The Biomuseo, the innovative biodiversity museum designed by starchitect Frank Gehry, has finally opened today in Panama after a ten-year-long construction period. The building's colorful origami-like canopies were designed in reference to the richly diverse flora and fauna of Panama, one of the most biodiverse places in the world. The high-profile museum is Gehry's first project in Latin America.
As if its multicolored facade wasn’t eye-catching enough, the Biomuseo is prominently sited on the highly visible Amador Causeway at the Pacific mouth of the Panama Canal. The 44,132-square-foot building will serve as a major civic and educational resource for the residents of Panama, as well as an attractive tourist destination. The museum houses a series of permanent exhibitions created by Bruce Mau Design and is surrounded by a new 6-acre Biodiversity Park designed by Gehry in collaboration with landscape designer Edwina von Gal.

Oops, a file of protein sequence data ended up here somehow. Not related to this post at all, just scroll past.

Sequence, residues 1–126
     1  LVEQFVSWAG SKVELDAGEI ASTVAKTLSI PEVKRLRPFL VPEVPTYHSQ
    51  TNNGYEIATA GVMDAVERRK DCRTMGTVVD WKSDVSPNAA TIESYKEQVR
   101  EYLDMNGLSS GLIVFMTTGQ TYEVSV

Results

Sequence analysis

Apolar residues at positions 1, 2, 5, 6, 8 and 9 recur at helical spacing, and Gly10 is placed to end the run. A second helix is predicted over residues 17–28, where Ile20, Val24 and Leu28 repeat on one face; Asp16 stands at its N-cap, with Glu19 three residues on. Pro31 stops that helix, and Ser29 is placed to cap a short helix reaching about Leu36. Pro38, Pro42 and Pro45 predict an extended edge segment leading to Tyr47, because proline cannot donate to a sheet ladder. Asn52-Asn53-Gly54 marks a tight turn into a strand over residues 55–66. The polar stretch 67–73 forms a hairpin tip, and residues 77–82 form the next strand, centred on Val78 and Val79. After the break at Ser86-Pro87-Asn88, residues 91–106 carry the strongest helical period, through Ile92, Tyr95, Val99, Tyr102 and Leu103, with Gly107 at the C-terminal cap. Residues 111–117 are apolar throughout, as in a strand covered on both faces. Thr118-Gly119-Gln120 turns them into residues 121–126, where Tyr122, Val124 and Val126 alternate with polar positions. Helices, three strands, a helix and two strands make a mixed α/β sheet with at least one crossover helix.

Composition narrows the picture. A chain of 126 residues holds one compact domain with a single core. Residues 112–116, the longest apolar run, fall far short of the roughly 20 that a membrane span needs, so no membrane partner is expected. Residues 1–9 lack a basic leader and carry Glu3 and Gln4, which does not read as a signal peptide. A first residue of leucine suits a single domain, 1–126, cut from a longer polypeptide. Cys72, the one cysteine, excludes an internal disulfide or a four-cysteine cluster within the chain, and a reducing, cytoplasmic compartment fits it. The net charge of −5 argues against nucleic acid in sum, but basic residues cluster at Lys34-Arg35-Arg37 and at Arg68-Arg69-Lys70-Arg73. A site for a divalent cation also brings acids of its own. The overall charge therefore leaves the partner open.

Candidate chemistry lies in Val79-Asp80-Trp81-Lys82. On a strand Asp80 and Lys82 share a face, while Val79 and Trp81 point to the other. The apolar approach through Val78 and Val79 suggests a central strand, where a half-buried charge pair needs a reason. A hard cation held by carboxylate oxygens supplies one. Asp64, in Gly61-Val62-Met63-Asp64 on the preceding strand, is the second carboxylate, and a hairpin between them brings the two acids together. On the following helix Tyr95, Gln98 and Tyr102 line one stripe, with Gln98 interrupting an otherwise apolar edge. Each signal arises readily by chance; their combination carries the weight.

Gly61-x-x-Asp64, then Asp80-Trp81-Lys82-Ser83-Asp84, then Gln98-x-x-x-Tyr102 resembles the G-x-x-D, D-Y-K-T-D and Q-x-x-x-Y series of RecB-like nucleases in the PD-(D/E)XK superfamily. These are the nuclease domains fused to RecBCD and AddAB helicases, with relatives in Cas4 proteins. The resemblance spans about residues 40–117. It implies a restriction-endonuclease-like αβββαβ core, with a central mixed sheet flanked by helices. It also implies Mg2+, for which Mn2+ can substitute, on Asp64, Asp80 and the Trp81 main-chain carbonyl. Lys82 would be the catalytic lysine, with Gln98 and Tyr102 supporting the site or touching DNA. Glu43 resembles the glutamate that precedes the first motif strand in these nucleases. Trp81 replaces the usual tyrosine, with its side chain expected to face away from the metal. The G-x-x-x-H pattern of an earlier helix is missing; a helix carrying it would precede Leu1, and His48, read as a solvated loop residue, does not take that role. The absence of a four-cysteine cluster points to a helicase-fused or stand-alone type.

Gehry centered the Biomuseo on a public open-air atrium covered by a sequence of multicolored metal canopies, each folded and staggered to evoke Panama’s local vernacular of tin roofs and colorful facades. The origami-like roofs also help protect the interior from the region’s wet-season downpour and wind gusts. A museum store, cafe, and a temporary exhibition space branch out from the central atrium.
The Biomuseo’s main and permanent exhibition is titled ‘Panama: Bridge of Life,’ which unfolds across eight galleries, five of which are fully installed. The galleries use a mix of digital projections, acoustics, arts, and interpretative signage to tell the story of Panama’s biodiversity and history. The exhibition narrative extends into the Biodiversity Park, which also offers educational opportunities.
Images via Biomuseo